Waste Not, Want Not

Last fall, my mother made a delicious preserve using fruit from an apple tree she found in our neighborhood. My mother was surprised that this apple tree was not picked clean by hungry scavengers; people walking by the tree were not tempted by its supple fruit, preferring to leave the apples on the ground to form compost.

Having grown up in a country where food shortages were not uncommon, my mother could not imagine letting the apples she found go to waste. Despite living in a country blessed with an embarrassing abundance of food, she has not forgotten to Waste Not, Want Not.

Then there's me.

Despite the example of my mother, I am ashamed to admit I have adopted the culture of waste that many of us are fortunate to experience. I say fortunate, because it truly is fortunate to live in a country where food is so plentiful, you don't think twice about wasting it.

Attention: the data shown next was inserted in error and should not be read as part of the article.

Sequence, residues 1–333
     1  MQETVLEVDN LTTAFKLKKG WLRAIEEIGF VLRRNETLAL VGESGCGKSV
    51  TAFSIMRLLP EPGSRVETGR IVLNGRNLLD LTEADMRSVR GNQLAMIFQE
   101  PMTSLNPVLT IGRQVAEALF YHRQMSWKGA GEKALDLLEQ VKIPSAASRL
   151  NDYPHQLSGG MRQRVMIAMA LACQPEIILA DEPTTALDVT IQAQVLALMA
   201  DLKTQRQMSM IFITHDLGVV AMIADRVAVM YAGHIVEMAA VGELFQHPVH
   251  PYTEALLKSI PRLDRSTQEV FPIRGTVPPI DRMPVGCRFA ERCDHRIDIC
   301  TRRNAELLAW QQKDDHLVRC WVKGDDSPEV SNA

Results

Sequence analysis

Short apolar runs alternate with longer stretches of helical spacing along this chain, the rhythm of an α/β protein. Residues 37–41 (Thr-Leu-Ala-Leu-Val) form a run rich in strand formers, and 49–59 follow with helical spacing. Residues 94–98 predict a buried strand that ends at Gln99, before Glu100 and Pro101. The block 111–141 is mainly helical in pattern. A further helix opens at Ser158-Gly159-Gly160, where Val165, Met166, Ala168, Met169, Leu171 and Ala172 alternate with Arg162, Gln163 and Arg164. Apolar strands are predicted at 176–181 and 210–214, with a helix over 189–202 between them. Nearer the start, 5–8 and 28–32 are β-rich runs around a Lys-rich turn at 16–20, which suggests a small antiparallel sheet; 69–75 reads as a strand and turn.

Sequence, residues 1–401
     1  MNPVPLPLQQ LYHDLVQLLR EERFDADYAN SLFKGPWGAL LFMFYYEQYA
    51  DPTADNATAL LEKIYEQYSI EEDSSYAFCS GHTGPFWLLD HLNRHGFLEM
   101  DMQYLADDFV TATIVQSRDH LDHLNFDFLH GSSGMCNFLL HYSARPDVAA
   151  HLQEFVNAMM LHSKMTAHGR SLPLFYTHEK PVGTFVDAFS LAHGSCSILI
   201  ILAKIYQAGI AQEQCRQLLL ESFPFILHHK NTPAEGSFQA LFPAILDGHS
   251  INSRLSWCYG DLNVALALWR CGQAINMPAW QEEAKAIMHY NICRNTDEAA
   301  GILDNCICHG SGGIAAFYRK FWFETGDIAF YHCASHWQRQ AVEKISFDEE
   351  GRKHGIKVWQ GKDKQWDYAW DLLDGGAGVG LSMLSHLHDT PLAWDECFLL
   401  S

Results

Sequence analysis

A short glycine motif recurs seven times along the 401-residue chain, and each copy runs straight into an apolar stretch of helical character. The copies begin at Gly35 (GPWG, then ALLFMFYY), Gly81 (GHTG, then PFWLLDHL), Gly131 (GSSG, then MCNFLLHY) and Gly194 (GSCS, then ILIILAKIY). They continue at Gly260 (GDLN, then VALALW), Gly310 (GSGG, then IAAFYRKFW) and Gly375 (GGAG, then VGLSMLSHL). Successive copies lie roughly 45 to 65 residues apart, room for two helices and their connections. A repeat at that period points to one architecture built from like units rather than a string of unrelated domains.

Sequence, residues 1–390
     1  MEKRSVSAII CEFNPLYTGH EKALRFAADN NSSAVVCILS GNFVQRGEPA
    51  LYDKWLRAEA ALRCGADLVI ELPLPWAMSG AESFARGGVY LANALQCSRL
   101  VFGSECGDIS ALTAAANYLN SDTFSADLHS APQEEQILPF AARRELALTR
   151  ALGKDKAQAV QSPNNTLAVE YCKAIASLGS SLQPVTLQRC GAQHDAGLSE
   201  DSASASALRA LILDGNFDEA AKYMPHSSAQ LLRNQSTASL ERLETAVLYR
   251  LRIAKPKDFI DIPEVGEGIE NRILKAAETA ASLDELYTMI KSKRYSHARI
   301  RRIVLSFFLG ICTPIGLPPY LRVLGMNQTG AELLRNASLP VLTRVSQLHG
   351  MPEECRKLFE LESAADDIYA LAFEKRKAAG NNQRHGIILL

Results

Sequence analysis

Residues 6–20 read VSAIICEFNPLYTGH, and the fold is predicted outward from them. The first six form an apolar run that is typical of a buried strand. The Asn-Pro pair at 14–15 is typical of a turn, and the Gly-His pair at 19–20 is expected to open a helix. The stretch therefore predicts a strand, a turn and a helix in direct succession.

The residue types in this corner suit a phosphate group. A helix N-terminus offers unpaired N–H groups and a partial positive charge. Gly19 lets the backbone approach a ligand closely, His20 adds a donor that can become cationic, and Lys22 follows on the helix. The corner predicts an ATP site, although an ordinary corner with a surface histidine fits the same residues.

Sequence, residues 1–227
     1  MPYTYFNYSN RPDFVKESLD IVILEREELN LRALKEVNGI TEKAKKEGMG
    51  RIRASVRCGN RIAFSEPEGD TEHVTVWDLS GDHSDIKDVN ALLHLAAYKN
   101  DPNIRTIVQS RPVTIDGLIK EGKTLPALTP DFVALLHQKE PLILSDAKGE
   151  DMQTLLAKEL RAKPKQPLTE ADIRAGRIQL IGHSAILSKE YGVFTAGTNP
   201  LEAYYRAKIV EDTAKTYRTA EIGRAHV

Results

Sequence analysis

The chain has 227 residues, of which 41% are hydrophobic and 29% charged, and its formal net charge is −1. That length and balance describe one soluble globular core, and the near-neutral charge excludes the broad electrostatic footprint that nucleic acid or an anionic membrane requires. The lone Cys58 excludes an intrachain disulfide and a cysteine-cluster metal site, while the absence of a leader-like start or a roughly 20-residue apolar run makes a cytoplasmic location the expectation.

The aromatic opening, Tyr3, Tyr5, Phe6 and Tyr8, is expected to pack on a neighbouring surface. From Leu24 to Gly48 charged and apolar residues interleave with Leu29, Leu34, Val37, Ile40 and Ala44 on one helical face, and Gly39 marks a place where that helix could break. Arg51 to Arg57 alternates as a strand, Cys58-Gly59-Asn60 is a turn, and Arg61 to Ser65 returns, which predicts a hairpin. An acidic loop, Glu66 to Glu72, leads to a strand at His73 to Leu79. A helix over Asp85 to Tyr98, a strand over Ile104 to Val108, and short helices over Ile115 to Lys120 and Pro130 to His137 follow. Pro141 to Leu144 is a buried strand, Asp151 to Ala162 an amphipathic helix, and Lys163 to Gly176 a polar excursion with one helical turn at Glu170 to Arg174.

My behaviour is all the more baffling because I often deride the vapid consumerism that leads to a culture of waste whilst scraping my leftovers from dinner into the trashbin. Perhaps it's time to confront this incongruence and resolve to minimize my contribution to the culture of waste.


annick said...

If this means you're going to start making fruit preserves (and sharing them with me), I'm all for it.

digitally404 said...

It is definitely difficult to adopt that sort've view in our society, but what the hey! Every little bit of contribution counts.

Btw, that apple-sauce was absolutely delicious (and mom would boast about how organic it is too) heh.

Maybe it wasn't waste? But something delicious that needed work and people were lazy?